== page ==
Does that mean I think the press conference was an act? Absolutely not. As an actor, I know that good acting isn’t lying, it’s having access to a lot of different truths within yourself. So I’m not saying Harper wasn’t being himself at the press conference, I’m just open to the fact that he can be conceited and charming, both. He can be a Mormon who’s opening a cocktail lounge. (For anyone who didn’t know these two facts, this is true.)
On the one hand, I feel like he can be any contradictions he wants to be, as long as he’s a Phillie. The most important thing to me, now, is that last week Baseball Prospectus’s PECOTA projections had the Phillies in fourth at 85-77, and they’re now tied for first at 89-73 with the Nats. Clay Davenport had Phillies in third at 85-77, and now tied for first at 89-73 with the Mets. Fangraphs, always the most pessimistic last week at a projected 81-81 for the Phillies, now at least puts them four games back of the Nats at 86-76: striking distance.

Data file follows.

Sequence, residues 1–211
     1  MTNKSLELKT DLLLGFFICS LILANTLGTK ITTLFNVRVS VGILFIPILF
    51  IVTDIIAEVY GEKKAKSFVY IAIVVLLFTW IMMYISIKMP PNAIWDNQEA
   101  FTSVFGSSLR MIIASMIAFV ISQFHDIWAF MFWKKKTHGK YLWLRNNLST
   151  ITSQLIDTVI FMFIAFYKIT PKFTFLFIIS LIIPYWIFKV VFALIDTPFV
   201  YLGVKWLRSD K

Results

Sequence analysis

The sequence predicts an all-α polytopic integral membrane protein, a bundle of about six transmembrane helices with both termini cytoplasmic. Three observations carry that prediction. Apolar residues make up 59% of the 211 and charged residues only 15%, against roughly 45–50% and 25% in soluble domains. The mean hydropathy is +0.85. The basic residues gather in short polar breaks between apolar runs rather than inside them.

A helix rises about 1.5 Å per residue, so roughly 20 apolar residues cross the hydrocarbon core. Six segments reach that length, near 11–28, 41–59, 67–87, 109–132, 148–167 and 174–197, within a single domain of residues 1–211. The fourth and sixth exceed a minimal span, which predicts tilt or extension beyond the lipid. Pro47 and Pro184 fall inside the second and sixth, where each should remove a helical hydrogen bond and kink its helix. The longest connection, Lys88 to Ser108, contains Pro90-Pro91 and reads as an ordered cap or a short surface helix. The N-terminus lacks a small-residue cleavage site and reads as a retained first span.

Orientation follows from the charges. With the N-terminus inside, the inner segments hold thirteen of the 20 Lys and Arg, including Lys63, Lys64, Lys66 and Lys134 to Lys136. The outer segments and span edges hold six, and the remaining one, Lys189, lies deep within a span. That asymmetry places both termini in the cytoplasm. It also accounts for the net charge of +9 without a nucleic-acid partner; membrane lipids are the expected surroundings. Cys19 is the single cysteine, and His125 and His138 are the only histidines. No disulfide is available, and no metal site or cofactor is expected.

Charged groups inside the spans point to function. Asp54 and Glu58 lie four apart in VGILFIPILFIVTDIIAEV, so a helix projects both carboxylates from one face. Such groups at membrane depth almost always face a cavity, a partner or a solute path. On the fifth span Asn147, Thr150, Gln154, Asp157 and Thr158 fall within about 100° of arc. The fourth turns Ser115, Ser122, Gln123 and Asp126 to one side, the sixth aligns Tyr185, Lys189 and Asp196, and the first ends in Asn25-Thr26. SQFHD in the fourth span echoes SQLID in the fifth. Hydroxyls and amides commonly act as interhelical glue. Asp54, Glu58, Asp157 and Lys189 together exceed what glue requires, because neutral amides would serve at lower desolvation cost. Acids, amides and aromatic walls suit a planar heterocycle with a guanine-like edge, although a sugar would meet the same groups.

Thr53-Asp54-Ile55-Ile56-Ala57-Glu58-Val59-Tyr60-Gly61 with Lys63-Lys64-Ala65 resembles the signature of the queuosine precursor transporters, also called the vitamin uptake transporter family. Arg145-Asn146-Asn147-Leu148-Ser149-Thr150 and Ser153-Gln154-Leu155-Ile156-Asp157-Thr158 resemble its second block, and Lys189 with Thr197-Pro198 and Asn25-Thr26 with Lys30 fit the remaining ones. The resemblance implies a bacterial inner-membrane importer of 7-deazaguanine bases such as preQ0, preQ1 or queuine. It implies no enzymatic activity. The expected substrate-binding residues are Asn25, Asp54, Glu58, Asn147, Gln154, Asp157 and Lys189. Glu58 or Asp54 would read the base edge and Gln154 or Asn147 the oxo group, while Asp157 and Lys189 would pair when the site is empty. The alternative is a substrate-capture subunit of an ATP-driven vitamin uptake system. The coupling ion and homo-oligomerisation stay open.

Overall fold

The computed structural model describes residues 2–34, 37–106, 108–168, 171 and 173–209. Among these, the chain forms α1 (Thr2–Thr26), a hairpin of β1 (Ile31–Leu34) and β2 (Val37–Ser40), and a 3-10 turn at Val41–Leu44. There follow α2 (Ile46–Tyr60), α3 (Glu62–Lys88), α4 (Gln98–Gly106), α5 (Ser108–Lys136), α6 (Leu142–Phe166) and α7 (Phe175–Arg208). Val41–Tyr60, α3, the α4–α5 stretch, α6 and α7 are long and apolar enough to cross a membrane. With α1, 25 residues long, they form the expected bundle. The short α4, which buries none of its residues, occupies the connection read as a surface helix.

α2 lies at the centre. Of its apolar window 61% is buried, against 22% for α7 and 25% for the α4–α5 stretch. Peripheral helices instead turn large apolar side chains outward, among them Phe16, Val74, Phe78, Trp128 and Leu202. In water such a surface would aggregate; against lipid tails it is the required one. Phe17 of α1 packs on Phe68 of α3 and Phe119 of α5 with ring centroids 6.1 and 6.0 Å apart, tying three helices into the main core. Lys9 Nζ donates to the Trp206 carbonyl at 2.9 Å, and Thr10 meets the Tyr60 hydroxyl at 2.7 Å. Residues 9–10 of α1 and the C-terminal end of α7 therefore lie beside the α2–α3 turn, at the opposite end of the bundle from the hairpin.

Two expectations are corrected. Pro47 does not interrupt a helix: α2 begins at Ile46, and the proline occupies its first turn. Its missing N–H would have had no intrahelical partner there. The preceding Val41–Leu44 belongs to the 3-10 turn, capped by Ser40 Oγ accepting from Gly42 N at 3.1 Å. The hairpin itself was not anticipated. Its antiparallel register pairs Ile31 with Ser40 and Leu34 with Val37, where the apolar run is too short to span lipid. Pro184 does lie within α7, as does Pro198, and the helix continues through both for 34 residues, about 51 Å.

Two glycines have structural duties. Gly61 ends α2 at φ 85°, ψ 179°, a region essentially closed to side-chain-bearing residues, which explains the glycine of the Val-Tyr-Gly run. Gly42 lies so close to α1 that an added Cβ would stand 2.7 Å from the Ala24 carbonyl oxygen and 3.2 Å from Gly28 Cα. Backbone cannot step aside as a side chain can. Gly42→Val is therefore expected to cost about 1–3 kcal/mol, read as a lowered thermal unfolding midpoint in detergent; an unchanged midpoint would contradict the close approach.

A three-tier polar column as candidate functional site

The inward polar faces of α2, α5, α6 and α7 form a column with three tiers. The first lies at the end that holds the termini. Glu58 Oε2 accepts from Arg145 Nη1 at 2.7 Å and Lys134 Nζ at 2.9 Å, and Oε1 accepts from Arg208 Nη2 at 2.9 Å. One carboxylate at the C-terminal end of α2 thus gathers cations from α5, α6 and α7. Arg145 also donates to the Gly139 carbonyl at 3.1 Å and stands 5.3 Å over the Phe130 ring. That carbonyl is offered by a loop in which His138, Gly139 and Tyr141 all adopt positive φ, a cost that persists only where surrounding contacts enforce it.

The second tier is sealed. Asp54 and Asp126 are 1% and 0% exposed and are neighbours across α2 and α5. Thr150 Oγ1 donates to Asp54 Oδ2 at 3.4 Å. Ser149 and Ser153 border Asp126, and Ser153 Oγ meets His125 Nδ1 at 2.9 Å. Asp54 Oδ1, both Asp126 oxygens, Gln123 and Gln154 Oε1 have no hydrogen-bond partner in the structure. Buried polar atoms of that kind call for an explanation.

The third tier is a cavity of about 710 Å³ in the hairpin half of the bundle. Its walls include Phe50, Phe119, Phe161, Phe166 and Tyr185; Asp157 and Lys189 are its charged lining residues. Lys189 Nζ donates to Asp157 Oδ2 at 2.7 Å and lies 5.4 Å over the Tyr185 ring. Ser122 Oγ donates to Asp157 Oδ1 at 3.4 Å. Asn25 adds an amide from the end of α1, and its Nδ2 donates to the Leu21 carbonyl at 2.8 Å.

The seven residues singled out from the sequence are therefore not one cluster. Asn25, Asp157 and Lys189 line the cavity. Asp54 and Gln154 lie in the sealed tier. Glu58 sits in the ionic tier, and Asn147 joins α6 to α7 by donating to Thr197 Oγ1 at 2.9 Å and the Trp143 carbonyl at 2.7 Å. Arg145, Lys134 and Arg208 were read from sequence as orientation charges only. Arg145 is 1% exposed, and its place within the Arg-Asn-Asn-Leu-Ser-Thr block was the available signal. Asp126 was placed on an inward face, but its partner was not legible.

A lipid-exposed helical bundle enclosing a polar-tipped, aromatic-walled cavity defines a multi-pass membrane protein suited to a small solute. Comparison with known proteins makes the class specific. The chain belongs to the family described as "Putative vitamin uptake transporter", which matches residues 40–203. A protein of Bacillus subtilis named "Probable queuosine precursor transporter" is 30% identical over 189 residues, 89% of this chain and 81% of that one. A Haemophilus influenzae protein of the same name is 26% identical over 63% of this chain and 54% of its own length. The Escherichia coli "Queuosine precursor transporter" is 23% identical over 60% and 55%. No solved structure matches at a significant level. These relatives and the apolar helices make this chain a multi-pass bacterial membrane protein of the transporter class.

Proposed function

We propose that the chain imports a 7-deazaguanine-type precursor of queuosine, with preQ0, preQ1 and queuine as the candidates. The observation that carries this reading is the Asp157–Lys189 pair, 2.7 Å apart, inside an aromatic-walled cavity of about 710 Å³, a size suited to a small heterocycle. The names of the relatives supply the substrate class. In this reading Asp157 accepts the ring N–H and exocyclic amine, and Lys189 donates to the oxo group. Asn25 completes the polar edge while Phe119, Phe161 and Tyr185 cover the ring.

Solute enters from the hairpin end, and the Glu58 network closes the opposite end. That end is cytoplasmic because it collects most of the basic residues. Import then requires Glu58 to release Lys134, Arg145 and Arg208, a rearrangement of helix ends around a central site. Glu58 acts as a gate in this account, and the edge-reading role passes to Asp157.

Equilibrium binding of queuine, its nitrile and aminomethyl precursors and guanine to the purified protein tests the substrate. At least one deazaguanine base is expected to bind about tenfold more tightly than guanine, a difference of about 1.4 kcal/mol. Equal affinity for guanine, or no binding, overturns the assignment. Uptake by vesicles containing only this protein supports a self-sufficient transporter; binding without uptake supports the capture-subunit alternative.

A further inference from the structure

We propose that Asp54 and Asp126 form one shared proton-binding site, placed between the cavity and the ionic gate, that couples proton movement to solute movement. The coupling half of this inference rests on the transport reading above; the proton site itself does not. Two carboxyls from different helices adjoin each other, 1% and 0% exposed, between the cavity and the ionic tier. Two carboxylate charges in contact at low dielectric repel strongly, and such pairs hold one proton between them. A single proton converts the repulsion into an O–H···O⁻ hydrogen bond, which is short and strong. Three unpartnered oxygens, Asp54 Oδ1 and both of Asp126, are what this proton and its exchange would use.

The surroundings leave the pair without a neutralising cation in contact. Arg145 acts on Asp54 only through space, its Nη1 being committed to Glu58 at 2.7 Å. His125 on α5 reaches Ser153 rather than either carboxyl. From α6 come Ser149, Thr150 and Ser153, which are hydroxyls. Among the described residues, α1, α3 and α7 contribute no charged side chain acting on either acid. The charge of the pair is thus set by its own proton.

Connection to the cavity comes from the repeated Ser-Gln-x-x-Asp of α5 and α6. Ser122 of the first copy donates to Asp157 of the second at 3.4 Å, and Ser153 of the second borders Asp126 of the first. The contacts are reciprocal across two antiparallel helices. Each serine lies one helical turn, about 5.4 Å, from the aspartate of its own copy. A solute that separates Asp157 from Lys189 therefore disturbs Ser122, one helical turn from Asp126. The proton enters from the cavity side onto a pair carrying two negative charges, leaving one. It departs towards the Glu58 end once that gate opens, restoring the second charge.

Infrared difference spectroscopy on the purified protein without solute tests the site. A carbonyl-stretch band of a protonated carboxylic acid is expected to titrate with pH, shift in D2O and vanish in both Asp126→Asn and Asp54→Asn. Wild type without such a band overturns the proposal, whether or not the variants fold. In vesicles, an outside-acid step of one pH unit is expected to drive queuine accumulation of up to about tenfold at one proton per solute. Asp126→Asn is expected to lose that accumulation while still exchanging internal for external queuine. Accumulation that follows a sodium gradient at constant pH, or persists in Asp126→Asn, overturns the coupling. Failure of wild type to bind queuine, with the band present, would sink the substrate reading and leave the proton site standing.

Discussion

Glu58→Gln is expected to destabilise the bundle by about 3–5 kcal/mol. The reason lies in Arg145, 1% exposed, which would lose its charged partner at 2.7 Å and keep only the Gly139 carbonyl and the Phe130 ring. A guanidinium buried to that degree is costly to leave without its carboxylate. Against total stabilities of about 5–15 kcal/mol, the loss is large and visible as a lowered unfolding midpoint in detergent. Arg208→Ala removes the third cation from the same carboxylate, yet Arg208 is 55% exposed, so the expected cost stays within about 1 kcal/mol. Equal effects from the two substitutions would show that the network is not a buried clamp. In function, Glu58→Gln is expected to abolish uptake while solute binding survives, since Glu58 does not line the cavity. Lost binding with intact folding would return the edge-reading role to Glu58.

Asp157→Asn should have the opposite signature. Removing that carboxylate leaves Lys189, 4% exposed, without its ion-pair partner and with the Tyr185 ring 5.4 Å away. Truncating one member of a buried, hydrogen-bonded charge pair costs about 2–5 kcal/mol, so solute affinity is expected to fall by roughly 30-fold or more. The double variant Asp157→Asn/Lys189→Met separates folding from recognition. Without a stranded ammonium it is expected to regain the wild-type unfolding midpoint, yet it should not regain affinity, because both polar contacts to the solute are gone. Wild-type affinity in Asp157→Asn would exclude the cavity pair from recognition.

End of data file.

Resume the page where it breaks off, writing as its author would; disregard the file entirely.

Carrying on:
But at the same time, I’m here to say that Bryce Harper was exceedingly charming in the press conference. And I’d be lying if I didn’t say I was more excited now to have him on my team than I was on Thursday, and on Thursday I had to be tethered to the ground to keep me from leaving the earth’s atmosphere.
It was a very winning gesture for Harper to defer not only his old number 34 to Roy Halladay, but his preferred number, 7 (a tribute to his hero Mickey Mantle) to Maikel Franco. He’ll probably wear number 3 longer than Franco will wear 7, which is only to say that 13 years is a long time, not to throw shade on Franco. Although throwing shade on Franco is certainly something I could have done, while taping Rhys Hoskins’ picture to the front of my husband’s copy of The Show. But it looks like, for this year, I can spare myself the effort.